As you may already have realised, I like books which have a story to tell. By this I mean not just the book’s own internal narrative, but a copy of the book with its own individual history. Not necessarily a fine and obviously important provenance (although that’s always very welcome), but just a tale of its own career in the world. I’m not deterred by a book with a previous owner’s inscription, far from it – this can lead into that narrative and document some evidence of the book’s initial audience and reception. Who bought this book when it first came out? Where did the book fit into that world rather than ours?
Sometimes there is evidently a story – but no answer at all. I was just cataloguing a bound assembly of views of nineteenth-century Torquay, one of those ubiquitous albums produced by Rock & Co. of Walbrook (William Frederick Rock, his brothers Henry and Richard – all Devon men themselves – and their brother-in-law, John Payne). In this case a collection of fifty small vignette views published by the firm at various dates between 1850 and 1876, bound up as an ad hoc publication presumably aimed at the hordes of summer visitors to that fashionable resort. Pretty enough. Interesting enough. And not far into the book is a view of Belgrave Road, Torquay, on which a childish hand has pencilled “Our House” – a three-storey villa on the eastern side of the road shown on the extreme left of the image and clumsily ticked with the same pencil.
I hurry back to the front of the book (and the back and all points in between) – but no clue at all as to who owned the book, or who lived in this ample house, with its view of the sea to the south. Could it have been one of the Kirkpatrick girls, daughters of Temple Kirkpatrick, “retired diplomatist”, then living at “Sanremo” on Belgrave Road? Or one of the Pulford children at “Rosenau”? Or perhaps a child on holiday just passing through? Who knows? I certainly don’t – but I can well imagine the excitement of a child at having his or her house pointed out in a handsome book – the pleasure of the parent in pointing it out. I weigh up the possibilities of pursuing this further: a weight of work out of all proportion to the value of the book and ultimately probably not possible. We could almost certainly establish who was living in the house (which I suspect no longer exists) in the 1870s, but the inscription could have been added many years later. Why didn’t someone write their name in it?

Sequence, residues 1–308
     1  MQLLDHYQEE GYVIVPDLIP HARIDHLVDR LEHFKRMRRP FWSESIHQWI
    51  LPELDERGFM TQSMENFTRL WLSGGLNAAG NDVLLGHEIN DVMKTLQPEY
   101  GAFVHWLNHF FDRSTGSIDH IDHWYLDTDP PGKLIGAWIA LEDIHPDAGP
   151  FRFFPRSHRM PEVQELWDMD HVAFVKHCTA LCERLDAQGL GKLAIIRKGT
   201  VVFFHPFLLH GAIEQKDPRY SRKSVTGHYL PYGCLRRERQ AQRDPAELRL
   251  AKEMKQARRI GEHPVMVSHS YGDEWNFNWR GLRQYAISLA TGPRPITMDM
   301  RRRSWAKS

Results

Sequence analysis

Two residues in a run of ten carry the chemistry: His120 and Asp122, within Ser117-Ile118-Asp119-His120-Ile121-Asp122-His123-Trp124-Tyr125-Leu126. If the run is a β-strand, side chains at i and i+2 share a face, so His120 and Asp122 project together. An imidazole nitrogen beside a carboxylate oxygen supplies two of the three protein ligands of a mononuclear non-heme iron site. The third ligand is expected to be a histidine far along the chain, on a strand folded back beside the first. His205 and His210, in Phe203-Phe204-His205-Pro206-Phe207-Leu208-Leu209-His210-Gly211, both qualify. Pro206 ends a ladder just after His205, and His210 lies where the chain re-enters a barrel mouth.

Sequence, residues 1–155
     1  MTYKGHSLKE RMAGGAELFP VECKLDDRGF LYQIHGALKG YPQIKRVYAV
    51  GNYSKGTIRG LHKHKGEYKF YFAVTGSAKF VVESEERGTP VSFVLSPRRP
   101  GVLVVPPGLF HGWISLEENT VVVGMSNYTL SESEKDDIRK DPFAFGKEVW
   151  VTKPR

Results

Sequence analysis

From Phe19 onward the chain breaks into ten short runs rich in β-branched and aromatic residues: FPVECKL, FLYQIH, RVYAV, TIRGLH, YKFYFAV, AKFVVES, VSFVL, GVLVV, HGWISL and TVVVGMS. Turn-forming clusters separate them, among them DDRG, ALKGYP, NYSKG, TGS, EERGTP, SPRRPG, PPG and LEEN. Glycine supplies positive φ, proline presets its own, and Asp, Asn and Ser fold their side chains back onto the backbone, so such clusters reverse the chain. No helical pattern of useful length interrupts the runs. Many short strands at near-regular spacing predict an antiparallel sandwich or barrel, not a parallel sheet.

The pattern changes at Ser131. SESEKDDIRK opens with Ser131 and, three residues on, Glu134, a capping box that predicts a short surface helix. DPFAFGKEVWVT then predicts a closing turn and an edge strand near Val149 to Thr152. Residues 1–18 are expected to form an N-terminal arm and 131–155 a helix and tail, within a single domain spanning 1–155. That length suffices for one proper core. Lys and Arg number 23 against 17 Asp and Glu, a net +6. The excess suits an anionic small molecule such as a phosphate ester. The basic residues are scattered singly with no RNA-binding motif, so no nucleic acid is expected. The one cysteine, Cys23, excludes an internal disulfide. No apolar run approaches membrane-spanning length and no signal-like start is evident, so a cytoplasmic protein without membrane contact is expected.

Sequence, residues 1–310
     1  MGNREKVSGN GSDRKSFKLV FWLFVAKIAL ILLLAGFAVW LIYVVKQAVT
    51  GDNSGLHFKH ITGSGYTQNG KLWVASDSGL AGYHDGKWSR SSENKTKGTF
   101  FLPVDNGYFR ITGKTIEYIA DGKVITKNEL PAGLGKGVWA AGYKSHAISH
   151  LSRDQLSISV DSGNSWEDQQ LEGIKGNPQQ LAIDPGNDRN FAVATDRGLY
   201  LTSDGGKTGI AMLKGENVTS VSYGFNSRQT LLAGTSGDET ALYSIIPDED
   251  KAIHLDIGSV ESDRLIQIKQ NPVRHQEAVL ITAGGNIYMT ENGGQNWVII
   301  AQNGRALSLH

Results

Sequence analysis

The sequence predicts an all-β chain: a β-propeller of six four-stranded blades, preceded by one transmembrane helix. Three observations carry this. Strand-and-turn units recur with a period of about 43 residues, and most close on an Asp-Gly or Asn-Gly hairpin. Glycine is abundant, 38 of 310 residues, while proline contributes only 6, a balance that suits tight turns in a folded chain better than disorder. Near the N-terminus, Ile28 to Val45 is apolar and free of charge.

A frustrating absence, a story that isn’t, but does it matter? Something of a theme this week with the publication of Rick Gekoski’s latest book, “Lost, Stolen or Shredded : Stories of Missing Works of Art and Literature” (Profile Books). A tame and modest title, but we have certain expectations of Rick, here (once more) amply fulfilled. The book simply grabs us by the collar and demands attention. It opens with, “He collected absences. For him they were more intense, vibrant and real than they presences they shadowed …” and takes us straight to join Franz Kafka and Max Brod queuing at a crowded Louvre to see, not the Mona Lisa, but the gap on the wall where the Mona Lisa used to be (after it was stolen in 1911). Rick is always compelling. He has that extraordinary knack of subsuming real scholarship and genuinely original thinking into essays that read like stories, stories that are as easy as conversation.
We all know him as a great talker – the best I know in a book-trade full of good talkers. It’s always a highlight of the Modern First Editions course at the London Rare Books School to take the students over to see Rick and let them sit at his feet for an hour or two. A mine of experience and reflection willingly shared. But what is so skilled about his writing is that it replicates this conversational rhythm and fluidity on the page – and that’s not easy, not easy at all. Talk is flat without nuance, expression, emphasis and inflection: this has to be engineered back in to make it work in print.
I’m not going to summarise the rest of the book, because you are all going to go out and buy it and find out for yourselves. Why read me, when you could read this? Fifteen stories. Those of us in the rare book world or in any way concerned with literary history or biography will buy it for “The Archive of the Penetralium of Mystery” alone – “When first encountered, an archive reminds me of a monkfish”. Why wouldn’t it?